November 2nd marks the International Day to End Impunity for Crimes Against Journalists. The threats and dangers that constitute a stark reality for many journalists reinforce the importance of this day. Every year journalists are killed, tortured, and harassed for carrying out their work. Over 1,600 journalists have been killed since 2003 with a sharp increase in with a sharp increase over the past two years.
There is often no accountability for these attacks – a trend made glaringly evident by recent UNESCO data showing that killings of journalists go unpunished in 86% of cases. This impunity emboldens those responsible for these crimes while simultaneously creating a chilling effect on society, including journalists themselves. The impact this lack of justice has on journalists and their families cannot be understated, fuelling self-censorship, preventing journalists from working and aggravating the grief of those affected.
Journalists who are critical of powerful actors and those who report on conflicts, insurgencies and elections are at particular risk. The vital role of a free press as a public watchdog, holding power to account and spotlighting the truth, must be protected.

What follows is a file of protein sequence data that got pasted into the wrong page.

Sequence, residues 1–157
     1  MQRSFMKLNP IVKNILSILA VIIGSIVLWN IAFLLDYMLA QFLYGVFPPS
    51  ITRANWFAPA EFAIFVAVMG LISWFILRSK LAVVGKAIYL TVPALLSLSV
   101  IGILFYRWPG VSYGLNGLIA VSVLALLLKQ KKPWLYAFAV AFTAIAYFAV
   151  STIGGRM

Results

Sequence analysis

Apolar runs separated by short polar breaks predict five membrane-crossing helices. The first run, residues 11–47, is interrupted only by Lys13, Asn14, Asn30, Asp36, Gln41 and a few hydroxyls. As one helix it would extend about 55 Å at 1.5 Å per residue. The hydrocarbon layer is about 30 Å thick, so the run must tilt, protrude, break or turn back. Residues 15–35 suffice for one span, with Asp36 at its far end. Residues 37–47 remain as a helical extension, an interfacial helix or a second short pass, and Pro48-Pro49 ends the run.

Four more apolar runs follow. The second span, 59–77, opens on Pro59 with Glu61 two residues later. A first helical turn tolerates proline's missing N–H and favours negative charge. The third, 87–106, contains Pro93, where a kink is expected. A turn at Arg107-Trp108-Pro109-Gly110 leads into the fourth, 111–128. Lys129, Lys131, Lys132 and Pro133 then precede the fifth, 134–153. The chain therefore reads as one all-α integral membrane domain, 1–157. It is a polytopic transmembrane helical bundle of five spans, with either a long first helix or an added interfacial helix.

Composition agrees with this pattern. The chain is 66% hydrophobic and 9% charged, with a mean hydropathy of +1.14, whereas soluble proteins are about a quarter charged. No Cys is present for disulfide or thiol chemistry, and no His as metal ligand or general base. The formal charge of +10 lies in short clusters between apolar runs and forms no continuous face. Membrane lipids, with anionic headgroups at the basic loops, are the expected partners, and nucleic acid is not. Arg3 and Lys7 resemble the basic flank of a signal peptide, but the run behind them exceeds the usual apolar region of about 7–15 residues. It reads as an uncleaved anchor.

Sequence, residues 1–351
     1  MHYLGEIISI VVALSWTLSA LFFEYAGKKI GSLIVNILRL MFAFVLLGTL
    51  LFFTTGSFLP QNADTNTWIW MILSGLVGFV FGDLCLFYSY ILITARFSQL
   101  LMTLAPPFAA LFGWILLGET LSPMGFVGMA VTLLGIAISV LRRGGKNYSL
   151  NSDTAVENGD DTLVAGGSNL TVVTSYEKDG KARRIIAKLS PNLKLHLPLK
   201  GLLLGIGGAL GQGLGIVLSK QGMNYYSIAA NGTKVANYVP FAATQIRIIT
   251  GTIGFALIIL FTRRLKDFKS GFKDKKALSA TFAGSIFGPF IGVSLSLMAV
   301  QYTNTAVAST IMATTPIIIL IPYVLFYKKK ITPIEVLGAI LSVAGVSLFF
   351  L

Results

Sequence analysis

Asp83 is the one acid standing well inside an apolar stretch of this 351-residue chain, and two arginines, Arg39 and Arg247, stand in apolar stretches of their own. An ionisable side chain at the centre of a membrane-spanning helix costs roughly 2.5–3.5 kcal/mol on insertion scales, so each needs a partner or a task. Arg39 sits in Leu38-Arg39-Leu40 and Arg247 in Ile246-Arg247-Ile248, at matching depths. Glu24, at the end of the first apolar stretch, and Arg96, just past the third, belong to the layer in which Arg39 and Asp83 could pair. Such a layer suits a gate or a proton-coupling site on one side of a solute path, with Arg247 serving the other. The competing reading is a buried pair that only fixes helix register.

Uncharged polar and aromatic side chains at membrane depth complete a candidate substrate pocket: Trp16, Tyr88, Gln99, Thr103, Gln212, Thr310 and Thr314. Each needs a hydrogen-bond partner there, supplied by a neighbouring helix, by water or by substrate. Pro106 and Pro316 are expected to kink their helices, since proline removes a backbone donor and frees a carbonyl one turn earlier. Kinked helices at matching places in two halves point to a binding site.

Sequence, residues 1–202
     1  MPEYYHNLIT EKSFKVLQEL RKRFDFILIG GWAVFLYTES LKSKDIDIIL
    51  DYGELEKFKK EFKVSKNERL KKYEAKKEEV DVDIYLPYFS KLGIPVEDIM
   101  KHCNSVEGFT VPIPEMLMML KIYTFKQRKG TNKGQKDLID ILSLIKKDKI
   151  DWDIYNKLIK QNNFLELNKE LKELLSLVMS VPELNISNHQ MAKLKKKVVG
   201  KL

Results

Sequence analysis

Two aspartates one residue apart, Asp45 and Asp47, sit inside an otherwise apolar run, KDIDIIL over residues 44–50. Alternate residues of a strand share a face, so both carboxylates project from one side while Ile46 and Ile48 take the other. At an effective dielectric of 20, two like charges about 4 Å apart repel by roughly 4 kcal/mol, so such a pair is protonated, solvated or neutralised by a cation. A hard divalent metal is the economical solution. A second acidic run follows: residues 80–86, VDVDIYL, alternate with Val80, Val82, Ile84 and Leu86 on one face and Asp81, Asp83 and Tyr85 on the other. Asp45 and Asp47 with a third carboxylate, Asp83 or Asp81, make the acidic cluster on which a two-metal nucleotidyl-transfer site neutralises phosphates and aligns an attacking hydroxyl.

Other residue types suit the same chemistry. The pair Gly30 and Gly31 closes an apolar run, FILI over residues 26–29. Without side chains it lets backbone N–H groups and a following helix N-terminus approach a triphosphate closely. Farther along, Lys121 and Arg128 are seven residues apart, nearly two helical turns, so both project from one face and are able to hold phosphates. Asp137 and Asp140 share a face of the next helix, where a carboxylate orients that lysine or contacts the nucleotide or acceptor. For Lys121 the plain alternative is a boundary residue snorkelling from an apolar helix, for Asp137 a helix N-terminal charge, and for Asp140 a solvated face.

Media Defence continues to support and litigate cases of violence against journalists before domestic and international courts. We do this in order to combat impunity while reaffirming the obligation of states to protect media freedom and uphold democratic rights. To commemorate this day we are highlighting the cases of three exceptional journalists where impunity for the crimes committed against them persists.
We are working with local counsel in seeking accountability for the detention and death of Cameroonian journalist Samuel Wazizi. Wazizi, whose legal name is Samuel Ajiekah Abuwe, was arrested and held incommunicado in August 2019 in connection with his critical reporting on the government’s handling of the so-called Anglophone crisis in Cameroon. The fact of his death in custody was kept hidden by the authorities for almost a year.
After months of uncertainty, the Cameroon government eventually admitted that Wazizi died shortly after his arrest, alleging that it was the “result of severe sepsis”. This narrative was widely criticised after reports alleging signs of torture on Wazizi’s body were released. RSF said Wazizi’s death in detention, “is the worst crime against a journalist in the past 10 years in Cameroon”.